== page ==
A broad range of resources is available to the general public through The Arc’s website. The Autism NOW Center (autismnow.org) contains up to date information for people with autism and their families. Information for educators, siblings, self-advocates, the legal and medical community and others is available through The Arc covering topics such as public policy, future planning, heath, research and resources.”
The Arc of Schuyler provides supports to over 200 people with intellectual and developmental disabilities and their families. The organization also operates Glen Industries, Seneca Shine Auto Detailing, Franklin Street Gallery, and Schuyler County Transit. For more information about The Arc of Schuyler, visit the new website at www.arcofschuyler.org or you can find The Arc of Schuyler on Facebook and Twitter.
Throughout the month of April, The Arc of Schuyler coordinated an agency wide pet supply drive to benefit the Humane Society of Schuyler County in support of the NYSARC Gives Back Project 2015.
The Arc collected pet food and treats, blankets, pet toys, collars, dog clothing, and other supplies. Members of the community also generously contributed to the collection. Mike (left) and Connor (right) (pictured with support staff Janet Osborn) are animal lovers who were eager to represent The Arc by delivering the donations to the Humane Society.
Mike and Connor took a tour of the new Humane Society bulding with Director, Georgie Taylor and met a number of pets available for adoption.
People receiving supports through The Arc volunteer at local non profit organizations such as Office for the Aging, local food pantries and community gardens, Watkins Glen Library, Seneca View Skilled Nursing, and others througout the year. If you are a non profit seeking volunteers, contact us at 607.535.6934.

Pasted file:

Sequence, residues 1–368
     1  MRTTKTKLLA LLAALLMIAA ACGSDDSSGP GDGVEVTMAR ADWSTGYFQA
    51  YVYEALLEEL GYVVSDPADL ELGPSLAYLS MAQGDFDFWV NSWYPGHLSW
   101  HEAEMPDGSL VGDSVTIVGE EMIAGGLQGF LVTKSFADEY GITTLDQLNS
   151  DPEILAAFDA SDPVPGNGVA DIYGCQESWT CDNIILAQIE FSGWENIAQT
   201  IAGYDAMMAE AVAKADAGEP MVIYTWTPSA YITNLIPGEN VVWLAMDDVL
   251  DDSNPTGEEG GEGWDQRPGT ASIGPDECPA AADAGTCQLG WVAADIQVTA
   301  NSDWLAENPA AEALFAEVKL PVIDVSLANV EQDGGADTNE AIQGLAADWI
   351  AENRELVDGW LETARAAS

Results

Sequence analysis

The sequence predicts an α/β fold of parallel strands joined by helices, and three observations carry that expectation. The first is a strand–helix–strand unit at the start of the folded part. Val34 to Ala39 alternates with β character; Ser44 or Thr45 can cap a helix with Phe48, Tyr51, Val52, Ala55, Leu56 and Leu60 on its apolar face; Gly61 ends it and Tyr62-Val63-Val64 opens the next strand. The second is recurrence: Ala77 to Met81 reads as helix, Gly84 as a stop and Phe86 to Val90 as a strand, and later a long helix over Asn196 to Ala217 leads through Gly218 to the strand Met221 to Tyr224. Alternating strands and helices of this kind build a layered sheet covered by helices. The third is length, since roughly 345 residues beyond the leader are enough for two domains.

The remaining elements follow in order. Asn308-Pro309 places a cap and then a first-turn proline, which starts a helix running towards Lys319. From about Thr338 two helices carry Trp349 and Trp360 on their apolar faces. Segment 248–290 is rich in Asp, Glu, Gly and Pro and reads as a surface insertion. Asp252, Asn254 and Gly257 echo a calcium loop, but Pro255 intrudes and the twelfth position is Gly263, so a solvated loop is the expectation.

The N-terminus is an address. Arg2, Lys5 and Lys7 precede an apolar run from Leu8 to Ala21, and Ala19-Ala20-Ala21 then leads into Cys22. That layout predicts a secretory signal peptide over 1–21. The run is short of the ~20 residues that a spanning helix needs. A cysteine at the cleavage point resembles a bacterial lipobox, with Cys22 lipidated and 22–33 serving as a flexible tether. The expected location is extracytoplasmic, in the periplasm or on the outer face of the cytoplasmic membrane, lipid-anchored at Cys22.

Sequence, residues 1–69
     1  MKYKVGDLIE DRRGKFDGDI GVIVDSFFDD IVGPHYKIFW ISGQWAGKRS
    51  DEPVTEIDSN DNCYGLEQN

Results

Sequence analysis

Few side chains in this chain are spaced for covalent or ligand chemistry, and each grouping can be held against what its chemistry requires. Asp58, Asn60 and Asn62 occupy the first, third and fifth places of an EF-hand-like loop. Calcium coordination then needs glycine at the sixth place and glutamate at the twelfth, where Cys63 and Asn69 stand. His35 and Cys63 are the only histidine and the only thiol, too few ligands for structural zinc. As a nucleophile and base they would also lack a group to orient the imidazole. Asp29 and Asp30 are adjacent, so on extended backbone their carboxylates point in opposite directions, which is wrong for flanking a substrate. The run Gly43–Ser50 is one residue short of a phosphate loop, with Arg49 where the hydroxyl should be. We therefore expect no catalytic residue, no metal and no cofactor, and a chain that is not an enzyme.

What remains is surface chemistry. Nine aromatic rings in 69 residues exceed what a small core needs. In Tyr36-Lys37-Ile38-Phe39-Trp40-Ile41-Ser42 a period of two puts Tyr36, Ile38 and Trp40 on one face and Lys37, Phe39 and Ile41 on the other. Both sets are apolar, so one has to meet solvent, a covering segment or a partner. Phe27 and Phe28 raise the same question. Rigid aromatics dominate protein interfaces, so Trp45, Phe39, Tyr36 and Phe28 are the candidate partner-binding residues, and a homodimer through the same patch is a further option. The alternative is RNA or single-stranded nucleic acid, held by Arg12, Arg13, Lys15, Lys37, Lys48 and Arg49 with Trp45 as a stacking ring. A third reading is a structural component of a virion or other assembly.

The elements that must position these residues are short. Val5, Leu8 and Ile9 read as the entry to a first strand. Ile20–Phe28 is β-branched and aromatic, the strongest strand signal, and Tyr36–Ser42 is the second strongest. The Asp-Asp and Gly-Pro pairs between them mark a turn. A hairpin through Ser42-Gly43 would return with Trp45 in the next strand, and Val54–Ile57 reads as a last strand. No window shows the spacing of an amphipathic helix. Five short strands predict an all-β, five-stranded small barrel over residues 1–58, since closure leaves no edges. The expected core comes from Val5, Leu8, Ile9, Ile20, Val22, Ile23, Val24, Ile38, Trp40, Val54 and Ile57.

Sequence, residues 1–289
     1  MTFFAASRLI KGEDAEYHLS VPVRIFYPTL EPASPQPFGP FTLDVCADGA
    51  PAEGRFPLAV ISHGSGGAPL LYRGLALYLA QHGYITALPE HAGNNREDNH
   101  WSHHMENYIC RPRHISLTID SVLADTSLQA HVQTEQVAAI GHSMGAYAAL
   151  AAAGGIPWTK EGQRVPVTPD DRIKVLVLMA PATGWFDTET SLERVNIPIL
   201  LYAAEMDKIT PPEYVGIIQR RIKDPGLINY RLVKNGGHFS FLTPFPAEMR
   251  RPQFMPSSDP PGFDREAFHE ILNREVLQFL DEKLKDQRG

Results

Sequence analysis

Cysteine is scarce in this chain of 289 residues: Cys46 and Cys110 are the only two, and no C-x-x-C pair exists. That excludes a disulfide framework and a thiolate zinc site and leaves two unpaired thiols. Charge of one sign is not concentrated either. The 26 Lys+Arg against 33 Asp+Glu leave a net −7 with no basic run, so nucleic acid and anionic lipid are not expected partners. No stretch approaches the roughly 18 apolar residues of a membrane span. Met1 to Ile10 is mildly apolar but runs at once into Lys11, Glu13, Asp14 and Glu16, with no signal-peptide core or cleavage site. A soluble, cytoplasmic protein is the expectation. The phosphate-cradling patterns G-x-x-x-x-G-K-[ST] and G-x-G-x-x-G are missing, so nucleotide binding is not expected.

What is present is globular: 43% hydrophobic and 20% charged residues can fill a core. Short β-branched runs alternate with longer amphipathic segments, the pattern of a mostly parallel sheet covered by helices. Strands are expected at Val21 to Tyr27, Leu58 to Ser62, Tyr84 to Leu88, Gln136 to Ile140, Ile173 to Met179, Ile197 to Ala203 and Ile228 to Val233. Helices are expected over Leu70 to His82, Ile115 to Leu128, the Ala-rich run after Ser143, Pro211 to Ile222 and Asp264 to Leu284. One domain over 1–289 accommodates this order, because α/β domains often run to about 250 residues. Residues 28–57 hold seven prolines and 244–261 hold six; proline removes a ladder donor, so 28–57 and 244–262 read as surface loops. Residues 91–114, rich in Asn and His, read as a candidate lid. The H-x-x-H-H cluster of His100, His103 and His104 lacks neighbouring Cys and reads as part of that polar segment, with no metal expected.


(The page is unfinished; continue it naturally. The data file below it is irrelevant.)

This story is one of many examples of how chapters of NYSARC, Inc and the people they support give back to their local communties. For more examples, click here.
Click the image above to read our Annual Membership and Fund Drive 2015 Appeal
The Arc of Schuyler is offering a $1,000 scholarship in honor of past board member, Joanne S. Hayes. Seniors at Watkins Glen, Odessa-Montour and Bradford Central Schools or who are Schuyler County residents are eligible to apply for the award.
The scholarship will be awarded to a graduating senior continuing his or her education in special education, human services or a related clinical area such as nursing, psychology, speech pathology, or physical/occupational therapy, which will be used in a career providing supports to people with intellectual and developmental disabilities, including autism.
The Arc of Schuyler has identified that there are serious workforce issues facing organizations providing supports to people with disabilities. This scholarship program focuses on informing students, parents, schools and the community at large that there are important and rewarding jobs and a variety of career opportunities working with and for people with disabilities.
Joanne S. Hayes was a past board member and president of The Arc of Schuyler, who lived in Odessa before her death in 1987. She was a strong advocate for career and employee training. "This education fund is a fitting tribute to her commitment to The Arc and to our workforce," said Jeannette Frank, executive director of The Arc. The Joanne S. Hayes Memorial Scholarship is made possible through local donations.